IRS Watchdog Exposes Agency’s Poor Security Measures in Securing Tax Data

19 contractors had access to the IRS’s sensitive systems despite failing background checks.
IRS Watchdog Exposes Agency’s Poor Security Measures in Securing Tax Data
The Internal Revenue Service (IRS) building in Washington on Jan. 4, 2024. (Madalina Vasiliu/The Epoch Times)
Naveen Athrappully

The Internal Revenue System (IRS) has lax protections for sensitive tax data stored on its networks and even provides system access to people who no longer work with the agency, according to a report by IRS watchdog Treasury Department Inspector General for Tax Administration (TIGTA).

Last year, Rep. Jason Smith (R-Mo.), Chairman of the House Ways and Means Committee, sent a letter to TIGTA about a leak of confidential tax information from the IRS. Subsequently, TIGTA initiated a review of how the IRS grants access to sensitive information and safeguards tax data. On Feb. 8, TIGTA released a report about the review, finding that many IRS employees and contractors continued to have access to the agency’s network despite not being qualified to access it. “Actions were not always taken to timely remove users once they separated from the IRS.”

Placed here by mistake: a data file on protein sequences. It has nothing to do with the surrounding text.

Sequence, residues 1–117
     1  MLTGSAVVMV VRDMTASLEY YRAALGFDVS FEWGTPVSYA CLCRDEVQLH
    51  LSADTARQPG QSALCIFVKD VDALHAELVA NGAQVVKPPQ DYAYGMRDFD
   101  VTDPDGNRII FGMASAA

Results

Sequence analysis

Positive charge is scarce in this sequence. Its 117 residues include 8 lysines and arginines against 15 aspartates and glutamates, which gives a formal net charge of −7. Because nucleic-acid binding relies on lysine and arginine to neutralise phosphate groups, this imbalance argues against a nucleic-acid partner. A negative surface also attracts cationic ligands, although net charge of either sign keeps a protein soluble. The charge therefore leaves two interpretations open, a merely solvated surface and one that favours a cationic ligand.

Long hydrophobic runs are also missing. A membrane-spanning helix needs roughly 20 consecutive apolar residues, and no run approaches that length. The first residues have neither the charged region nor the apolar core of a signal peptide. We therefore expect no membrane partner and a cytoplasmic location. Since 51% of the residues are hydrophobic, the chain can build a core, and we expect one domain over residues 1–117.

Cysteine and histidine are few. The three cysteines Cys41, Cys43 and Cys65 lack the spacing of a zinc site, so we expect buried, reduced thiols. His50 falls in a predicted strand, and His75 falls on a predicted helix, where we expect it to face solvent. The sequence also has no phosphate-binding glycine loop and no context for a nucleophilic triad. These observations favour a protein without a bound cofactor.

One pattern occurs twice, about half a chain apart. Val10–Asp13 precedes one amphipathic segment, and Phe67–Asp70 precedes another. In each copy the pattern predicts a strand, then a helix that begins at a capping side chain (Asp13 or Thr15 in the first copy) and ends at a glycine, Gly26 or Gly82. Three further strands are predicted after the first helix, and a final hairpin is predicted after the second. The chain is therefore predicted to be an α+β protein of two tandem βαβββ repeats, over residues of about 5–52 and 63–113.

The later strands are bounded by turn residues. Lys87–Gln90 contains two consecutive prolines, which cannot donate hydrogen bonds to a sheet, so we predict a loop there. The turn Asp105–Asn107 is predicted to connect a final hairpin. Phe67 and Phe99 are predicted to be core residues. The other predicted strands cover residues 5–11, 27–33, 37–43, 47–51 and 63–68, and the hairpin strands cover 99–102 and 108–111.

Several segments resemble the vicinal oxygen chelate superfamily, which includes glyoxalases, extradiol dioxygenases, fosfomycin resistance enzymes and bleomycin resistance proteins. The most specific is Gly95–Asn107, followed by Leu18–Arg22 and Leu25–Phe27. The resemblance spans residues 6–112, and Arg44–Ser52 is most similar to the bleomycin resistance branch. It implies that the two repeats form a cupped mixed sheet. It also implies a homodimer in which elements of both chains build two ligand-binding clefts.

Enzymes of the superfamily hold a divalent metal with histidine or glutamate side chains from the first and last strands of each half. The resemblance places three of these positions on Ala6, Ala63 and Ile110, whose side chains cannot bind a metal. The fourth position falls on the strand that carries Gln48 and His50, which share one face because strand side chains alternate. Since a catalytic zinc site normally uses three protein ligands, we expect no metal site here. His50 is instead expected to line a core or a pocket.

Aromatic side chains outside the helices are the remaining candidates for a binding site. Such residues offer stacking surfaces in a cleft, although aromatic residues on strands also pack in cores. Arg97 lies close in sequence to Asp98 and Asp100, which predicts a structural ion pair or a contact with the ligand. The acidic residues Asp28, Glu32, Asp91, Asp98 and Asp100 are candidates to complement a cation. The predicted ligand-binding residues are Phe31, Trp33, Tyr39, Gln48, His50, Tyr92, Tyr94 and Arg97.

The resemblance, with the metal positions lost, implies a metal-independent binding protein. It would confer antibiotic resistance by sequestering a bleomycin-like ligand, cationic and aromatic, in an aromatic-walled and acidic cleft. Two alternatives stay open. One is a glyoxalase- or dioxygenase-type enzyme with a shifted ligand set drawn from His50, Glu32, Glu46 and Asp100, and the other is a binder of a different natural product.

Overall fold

TIGTA found that 279 out of 91,661 users it reviewed had access to the IRS’s sensitive systems as of July 2023 despite no longer being employed by the agency. Users include both employees and contractors. In addition, 19 contractors had access to sensitive systems despite failing background checks.